The Reflection

Gull Lake High School's Online News Source

It’s time to learn some hallway etiquette

The Hallway. A place that every student uses on a daily basis that comes with an unwritten set of rules that frankly everyone should brush up on. With the past few years being different with COVID-19 and virtual learning, a lot of people have been absent from the halls of GLHS. Paired with the freshmen with no experience at all, it’s become absolute mayhem in the halls. 

The calm before the storm in the GLHS hallways. Photo by DeWitt Renwick

If you grew up in the Gull Lake school district, you have been groomed to stay on the right side of the hallway all throughout your childhood. In the Ryan, we were supposed to hug the right wall, and in the middle school, there was a blue line down the center of the hallway to remind you. Even if you did not go to Gull Lake, it should still be common sense. It bewilders me to see people trying to walk upstream after all of these years.

The same goes for doors. At our school, there are two doorways at each of the hallway entrances to mediate traffic, but they are tragically ignored. This causes the lazy, left-door users to run into a group of people going the other way. This can be very easily prevented if everyone just uses the doorway to their right.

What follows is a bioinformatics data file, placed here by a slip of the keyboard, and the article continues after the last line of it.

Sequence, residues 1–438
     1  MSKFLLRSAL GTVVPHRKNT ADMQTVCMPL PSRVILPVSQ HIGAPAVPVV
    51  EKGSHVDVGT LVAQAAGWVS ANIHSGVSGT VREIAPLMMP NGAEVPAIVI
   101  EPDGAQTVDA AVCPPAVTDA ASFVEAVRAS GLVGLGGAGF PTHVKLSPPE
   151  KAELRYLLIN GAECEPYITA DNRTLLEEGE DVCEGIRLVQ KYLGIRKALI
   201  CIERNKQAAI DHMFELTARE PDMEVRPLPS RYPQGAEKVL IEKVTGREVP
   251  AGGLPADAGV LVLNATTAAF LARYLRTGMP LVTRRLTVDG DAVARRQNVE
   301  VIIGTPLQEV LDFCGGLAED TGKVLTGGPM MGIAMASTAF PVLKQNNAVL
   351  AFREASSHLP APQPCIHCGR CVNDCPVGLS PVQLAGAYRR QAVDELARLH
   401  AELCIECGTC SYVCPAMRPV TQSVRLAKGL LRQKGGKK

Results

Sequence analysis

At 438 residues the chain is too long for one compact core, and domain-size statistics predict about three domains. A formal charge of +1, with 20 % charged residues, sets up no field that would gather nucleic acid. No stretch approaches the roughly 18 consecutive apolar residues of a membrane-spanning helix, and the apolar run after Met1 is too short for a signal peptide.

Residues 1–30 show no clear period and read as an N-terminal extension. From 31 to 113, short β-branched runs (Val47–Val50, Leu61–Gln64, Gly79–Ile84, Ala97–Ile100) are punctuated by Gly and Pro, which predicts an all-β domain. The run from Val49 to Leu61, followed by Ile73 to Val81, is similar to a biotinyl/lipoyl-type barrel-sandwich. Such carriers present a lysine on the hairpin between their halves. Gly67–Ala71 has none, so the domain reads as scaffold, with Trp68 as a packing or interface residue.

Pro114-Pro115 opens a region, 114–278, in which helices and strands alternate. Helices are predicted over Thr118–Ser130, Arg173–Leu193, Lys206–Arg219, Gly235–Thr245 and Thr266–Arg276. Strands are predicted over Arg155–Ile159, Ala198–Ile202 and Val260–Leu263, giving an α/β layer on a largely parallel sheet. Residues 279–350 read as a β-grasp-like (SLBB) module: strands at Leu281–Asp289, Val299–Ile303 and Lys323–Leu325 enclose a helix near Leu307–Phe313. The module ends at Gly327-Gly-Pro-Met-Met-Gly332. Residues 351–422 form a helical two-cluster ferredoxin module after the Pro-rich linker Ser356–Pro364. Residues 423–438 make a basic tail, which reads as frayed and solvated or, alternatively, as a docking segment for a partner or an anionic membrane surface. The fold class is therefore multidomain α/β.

Another issue that has been prevalent recently is the congregation of large groups. People stop and talk or people walk in large groups, which prevents anyone trying to pass. I know it is great to see the people you know and talk to them, but you do not need to stop in the middle of the halls or bring your walking pace down to a minimum. There are always people trying to pass or people walking at a faster pace than the group. These people have to make that awkward jog/speed walk around the group at the next opening which can be a difficult task for even the fastest people. In a perfect world, there would be an express lane on the side of the normal hallway for people in a hurry. While it may be a brilliant idea, it just does not seem plausible at our school. 

On the contrary, don’t walk above the normal pace of the hallway. If you’re in a rush that is one thing, but walking fast just to walk fast can be extremely annoying. Everyone knows that guy that constantly steps on the back of your shoes or is running into your backpack, causing you to push into the person in front of you. It’s the worst. You then have to desperately explain to the person in front of you that you were the one pushed. The tailgater gives everyone this unnecessary anxiety whenever they are breathing down your neck. Again, in a perfect world these people would be pulled over and given a hallway ban, but we just can’t do that.

Lastly, let’s stop holding hands in the hallway. Hand-holding just causes an unbreakable barrier that prevents people from passing. This turns a two-person group into a three or even four-person group depending on how long their arms are, or how much they want people to see them holding hands.

Hopefully everyone can learn a thing or two about hallway etiquette from this and improve the hallway experience for everyone.

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